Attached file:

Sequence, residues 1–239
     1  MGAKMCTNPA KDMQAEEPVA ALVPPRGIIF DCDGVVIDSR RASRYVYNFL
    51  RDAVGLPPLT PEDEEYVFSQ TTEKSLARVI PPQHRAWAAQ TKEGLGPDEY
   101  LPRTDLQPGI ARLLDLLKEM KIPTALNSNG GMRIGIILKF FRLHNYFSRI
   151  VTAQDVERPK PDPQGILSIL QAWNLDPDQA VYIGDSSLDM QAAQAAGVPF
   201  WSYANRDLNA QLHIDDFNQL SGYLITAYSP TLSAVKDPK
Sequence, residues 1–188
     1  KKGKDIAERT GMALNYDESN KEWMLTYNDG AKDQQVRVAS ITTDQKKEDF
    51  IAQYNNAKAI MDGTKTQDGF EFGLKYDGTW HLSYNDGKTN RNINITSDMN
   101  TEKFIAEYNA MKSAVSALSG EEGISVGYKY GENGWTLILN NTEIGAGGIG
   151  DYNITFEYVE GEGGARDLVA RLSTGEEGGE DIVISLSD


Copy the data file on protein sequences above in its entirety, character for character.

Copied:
Sequence, residues 1–239
     1  MGAKMCTNPA KDMQAEEPVA ALVPPRGIIF DCDGVVIDSR RASRYVYNFL
    51  RDAVGLPPLT PEDEEYVFSQ TTEKSLARVI PPQHRAWAAQ TKEGLGPDEY
   101  LPRTDLQPGI ARLLDLLKEM KIPTALNSNG GMRIGIILKF FRLHNYFSRI
   151  VTAQDVERPK PDPQGILSIL QAWNLDPDQA VYIGDSSLDM QAAQAAGVPF
   201  WSYANRDLNA QLHIDDFNQL SGYLITAYSP TLSAVKDPK
Sequence, residues 1–188
     1  KKGKDIAERT GMALNYDESN KEWMLTYNDG AKDQQVRVAS ITTDQKKEDF
    51  IAQYNNAKAI MDGTKTQDGF EFGLKYDGTW HLSYNDGKTN RNINITSDMN
   101  TEKFIAEYNA MKSAVSALSG EEGISVGYKY GENGWTLILN NTEIGAGGIG
   151  DYNITFEYVE GEGGARDLVA RLSTGEEGGE DIVISLSD